The Marketing of Objectivism

I've wondered why Evangelicals have been so successful lately. I believe part of the answer lies in their change in marketing techniques : http://www.churchsolutionsmag.com/articles/655/655_651Feat3.html

There are two key things they are doing:
1. Using technology to identify, attract, and maintain customers
2. Establishing niche markets for different personalities and life styles to gather in a social environment

What we find is that the evangelicals are so successful because the have adopted a business focus toward their congregation. They realize they are providing a service - the service of creating a feel good social environment for learning and growth. A little music, some self-reflection, a couple of inspiring Bible verses, and viola - a success service. I've spent enough of my childhood years going to church (shudder) to know why this works. The social element is a huge key to success. In high school, I had a great deal of difficulty staying convinced that God was real (hmm... I wonder why?). Every six months or so, I would attend another youth retreat or youth conference and suddenly my religious convictions were magnified. But the only reason I would go to these conferences was to hang out with the other kids (especially the really hot girls) some of which I knew and were friends with.

So how does all of this relate to objectivism? I think it should be fairly obvious. There is a reason why so many local objectivist clubs have sprung up throughout the world. The desire to share a common link with other liked minded individuals is very strong. But many local objectivist clubs are small and lack a means of growing and attracting members. Most do not realize the true service they provide nor how to effectively market that service to others.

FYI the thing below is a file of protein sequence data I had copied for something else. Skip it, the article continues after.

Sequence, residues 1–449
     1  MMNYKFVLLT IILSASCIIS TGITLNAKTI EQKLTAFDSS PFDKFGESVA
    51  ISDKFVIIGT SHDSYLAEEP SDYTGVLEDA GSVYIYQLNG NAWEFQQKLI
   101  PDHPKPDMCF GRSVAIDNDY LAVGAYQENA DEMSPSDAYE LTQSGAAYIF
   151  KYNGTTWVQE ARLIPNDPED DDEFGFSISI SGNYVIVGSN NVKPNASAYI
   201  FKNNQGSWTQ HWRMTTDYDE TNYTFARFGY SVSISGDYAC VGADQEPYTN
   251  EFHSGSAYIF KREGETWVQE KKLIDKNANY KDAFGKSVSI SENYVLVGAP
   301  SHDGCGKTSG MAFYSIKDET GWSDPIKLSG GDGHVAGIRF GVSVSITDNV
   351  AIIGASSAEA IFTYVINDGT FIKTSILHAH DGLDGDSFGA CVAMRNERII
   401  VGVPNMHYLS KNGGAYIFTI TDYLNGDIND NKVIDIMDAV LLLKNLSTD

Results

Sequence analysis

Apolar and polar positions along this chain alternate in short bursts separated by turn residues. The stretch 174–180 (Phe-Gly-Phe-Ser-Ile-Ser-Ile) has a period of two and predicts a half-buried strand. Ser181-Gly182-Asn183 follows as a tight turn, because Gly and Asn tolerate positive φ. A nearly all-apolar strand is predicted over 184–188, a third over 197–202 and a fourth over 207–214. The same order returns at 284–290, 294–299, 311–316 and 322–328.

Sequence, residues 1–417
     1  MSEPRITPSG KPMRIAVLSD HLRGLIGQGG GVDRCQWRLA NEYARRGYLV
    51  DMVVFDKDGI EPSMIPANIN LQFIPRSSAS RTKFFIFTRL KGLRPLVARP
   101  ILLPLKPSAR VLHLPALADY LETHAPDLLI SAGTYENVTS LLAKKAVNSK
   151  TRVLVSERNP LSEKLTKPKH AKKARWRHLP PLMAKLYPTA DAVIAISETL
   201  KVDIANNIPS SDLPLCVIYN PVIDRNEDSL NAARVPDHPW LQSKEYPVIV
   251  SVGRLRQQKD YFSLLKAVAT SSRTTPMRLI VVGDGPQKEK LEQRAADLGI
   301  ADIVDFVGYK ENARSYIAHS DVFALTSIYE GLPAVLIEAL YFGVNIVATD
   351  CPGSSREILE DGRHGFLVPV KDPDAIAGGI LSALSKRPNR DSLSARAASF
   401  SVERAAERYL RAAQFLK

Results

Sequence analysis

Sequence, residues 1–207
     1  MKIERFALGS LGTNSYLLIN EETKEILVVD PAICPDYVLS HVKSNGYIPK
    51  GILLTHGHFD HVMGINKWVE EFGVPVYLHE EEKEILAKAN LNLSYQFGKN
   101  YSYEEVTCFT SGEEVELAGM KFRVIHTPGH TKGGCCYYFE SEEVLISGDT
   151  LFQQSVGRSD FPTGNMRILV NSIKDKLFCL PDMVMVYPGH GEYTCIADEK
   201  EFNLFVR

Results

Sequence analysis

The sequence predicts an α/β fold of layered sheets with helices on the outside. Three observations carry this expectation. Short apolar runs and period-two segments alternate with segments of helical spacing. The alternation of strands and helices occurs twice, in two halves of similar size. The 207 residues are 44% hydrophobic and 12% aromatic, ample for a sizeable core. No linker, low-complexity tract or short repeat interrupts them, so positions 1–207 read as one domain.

Objectivism can be a successfully marketed product as the Nathaniel Branden Institute showed us. And while I applaud the Ayn Rand Institute's efforts, they focus heavily on education, not on the social element. If what Peikoff said recently is true, that there are probably thousands of objectivists, if not tens of thousands. And if we consider that millions of people have read Rand's books and are generally favorable to her ideas, the market is huge.

But it will require a different kind of business or organization than the traditional local objectivist club. The sale of Objectivism to the masses cannot be done as a fully integrated philosophy, as it is much to difficult for most people to assimilate in full. It must be done through a series of self-help, self-enrichment, and social enrichment programs. It must compete head to head with the churches, but do so through principled programs consistent with objectivism. Some local clubs, such as the Front Range Objectivist, have experienced strong growth because they meet many of these needs. What I envision is even bigger. The challenge is to maintain the founding integrity, while providing a service to the general populace.

The challenge is necessary in order to win the cultural war against Christianity. People will need something to replace their traditions. Just as Christianity had to replace pagan holidays (Christmas and Easter) to be successful, so must this new vision replace some of the traditions of Christianity. Perhaps an idea such as the Fellowship of Reason could succeed if guided by Objectivist principles.

I open up this idea for discussion.

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1 comment:

  1. Personally, I'd join such a group. I'm part of a local Objectivist club now and while it has a decently large following, there is no way we can ever hope to compete with churches. I think you've nailed the problem on the head with this post and I'm interested in hearing from you in the future if you do get such a group going.